Dr Kuppusamy is all for removing subsidies and assisting those in need with cash transfers like BR1M “if the method to identify the target group is implemented correctly.”
He says the recent move to remove fuel subsidies is the right move, but thinks “the way it has been done is too fast and too soon”.
“Prices of goods have escalated way before the targeted removal of such subsidies. In real terms, the government gains but the rakyat loses faster than the government can react to help those who need help,” he stresses.
He points out that removing the sugar subsidy does not “hit people that much” compared to the fuel subsidy which affects almost everyone on the ground.
“I expected a gradual removal of the fuel subsidy. However, the rich seem to be ‘punished’ for earning more through high tax while the poor is ‘released’ tax-free.”
What this means, he says, is that the rich end up having to pay more for goods especially at the higher end.
The KRI report also touches on the tough housing problem people are facing in the country.
The report states that affordable housing should cost three times the annual median income, but in Malaysia prices are 5.5 times the annual median income.
This makes houses here, in median income terms, more expensive than in the United Kingdom (4.7 times), United States (3.5 times), Ireland (2.8 times) or even Singapore (5.1 times).
The profit margin of property developers in Malaysia too is high at 21%, which is almost double that of the US (12%), the UK (17%) and Thailand (14%).
UM’s Dr Kuppusamy says he actually expected the profit margin of Malaysian property developers to be higher than 21% because housing is purely business and “driven by the private provision of goods”.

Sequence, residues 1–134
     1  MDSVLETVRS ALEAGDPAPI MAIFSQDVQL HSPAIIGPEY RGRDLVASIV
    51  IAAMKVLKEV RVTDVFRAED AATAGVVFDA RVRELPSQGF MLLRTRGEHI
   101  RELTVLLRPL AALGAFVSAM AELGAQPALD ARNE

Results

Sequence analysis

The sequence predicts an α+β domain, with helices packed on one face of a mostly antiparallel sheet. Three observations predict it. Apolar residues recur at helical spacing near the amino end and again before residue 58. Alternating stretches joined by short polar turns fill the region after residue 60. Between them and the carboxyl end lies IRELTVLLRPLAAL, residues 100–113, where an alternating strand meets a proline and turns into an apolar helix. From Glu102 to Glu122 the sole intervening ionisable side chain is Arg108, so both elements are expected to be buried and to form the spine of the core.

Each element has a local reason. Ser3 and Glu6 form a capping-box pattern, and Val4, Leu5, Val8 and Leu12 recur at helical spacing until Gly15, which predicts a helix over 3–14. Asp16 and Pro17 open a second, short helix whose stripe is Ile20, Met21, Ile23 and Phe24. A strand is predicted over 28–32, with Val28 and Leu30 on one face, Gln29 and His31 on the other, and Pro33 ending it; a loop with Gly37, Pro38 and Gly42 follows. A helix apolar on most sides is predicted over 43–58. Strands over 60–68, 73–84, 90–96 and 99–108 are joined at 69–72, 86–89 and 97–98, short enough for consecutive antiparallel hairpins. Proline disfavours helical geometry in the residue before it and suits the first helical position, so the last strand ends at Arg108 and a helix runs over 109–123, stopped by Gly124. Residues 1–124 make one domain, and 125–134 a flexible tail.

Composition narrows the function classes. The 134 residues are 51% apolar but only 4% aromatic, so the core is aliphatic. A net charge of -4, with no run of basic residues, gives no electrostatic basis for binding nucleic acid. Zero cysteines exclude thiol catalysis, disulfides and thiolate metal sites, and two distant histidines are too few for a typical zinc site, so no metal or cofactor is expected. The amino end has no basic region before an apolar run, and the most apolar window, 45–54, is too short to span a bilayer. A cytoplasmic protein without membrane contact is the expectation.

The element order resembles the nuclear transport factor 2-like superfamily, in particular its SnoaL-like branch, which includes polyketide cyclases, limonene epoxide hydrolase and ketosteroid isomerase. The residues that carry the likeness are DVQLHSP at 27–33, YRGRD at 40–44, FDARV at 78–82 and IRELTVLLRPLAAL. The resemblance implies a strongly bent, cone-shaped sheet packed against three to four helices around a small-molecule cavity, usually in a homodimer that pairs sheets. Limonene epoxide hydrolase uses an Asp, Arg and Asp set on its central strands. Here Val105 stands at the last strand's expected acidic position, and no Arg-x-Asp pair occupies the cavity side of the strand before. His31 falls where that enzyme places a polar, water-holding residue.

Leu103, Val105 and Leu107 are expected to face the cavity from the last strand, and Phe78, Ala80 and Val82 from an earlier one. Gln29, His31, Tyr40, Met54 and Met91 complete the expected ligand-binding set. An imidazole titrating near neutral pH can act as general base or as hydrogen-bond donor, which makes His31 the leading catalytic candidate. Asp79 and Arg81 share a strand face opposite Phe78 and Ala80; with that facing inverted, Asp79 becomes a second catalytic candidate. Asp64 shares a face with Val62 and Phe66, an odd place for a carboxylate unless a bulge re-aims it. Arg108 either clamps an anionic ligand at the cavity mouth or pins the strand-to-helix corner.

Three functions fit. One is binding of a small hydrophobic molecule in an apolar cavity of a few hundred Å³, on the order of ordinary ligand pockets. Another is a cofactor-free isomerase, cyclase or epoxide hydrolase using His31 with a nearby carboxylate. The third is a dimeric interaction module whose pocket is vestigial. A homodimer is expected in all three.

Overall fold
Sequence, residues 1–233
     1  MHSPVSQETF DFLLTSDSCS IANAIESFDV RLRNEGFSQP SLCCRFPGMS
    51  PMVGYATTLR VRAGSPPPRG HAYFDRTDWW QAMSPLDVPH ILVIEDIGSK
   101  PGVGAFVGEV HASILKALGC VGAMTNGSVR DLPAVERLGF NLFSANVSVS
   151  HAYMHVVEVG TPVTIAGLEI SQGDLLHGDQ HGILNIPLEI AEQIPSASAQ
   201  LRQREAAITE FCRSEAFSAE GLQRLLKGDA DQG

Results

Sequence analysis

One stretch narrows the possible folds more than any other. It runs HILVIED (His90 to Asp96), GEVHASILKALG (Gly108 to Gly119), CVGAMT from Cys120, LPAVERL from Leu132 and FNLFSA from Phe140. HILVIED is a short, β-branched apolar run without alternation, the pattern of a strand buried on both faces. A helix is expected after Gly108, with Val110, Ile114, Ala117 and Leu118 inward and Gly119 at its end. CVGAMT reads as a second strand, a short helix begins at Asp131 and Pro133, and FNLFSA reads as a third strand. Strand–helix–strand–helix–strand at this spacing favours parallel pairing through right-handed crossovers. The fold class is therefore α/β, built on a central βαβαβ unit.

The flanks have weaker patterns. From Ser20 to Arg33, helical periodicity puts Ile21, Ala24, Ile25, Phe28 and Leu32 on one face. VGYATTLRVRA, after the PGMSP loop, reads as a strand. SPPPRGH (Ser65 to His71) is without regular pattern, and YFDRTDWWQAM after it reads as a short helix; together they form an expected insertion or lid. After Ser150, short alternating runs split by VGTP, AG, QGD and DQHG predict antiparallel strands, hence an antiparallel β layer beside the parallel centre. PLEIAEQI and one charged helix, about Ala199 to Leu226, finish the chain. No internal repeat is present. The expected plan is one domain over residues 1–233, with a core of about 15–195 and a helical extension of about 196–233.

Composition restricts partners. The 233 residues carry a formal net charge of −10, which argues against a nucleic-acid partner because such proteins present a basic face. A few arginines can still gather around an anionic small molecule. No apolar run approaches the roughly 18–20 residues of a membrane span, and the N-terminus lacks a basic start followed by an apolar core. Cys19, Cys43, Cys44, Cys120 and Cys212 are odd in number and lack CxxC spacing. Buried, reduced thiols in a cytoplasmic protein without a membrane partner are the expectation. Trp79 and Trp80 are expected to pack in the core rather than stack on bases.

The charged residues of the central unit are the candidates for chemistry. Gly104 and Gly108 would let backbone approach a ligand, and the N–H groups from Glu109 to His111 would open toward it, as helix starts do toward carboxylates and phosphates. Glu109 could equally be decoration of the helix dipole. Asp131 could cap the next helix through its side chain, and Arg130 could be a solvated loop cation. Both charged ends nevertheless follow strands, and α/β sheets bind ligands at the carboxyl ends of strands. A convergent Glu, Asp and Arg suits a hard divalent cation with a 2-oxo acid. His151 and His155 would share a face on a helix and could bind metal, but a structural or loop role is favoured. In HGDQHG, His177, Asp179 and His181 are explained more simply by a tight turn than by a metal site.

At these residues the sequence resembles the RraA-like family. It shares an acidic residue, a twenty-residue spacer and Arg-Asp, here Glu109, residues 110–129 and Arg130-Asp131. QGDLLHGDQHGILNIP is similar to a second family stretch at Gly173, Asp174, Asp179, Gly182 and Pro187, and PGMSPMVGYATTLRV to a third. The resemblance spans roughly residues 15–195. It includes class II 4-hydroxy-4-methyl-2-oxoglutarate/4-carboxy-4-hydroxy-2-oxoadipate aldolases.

Charon says KRI came up with these numbers by going to Bloomberg and having a look at the profit margin of all housing developers in the country and comparing it with the listed property developers in other countries.
And, as affordable housing is now one of the main concerns here, KRI will be doing an in-depth study to see if and how prices can come down.
“There are three elements which are the cost of land, the cost of building the house and financing it, and we are looking at how to lower these.
“Maybe it can be through better technology or maybe there is anti competition in the construction supply chain so the price of cement and other supplies are higher than it should be,” says Charon.
There are many other interesting findings in the report including the ethnic, gender and urban-rural disparity in income, the number of luxury cars sold in 2013, high level consumption of households (98% own a television set, 95% have mobile phones, 91% have washing machines,78% have cars, 57% subscribe to Astro, and 39% have Internet subscription.)
Despite the fact that 74% of the households get less than RM6,000 a month currently, Charon believes Malaysia is still on track to becoming a high income developed nation by 2020.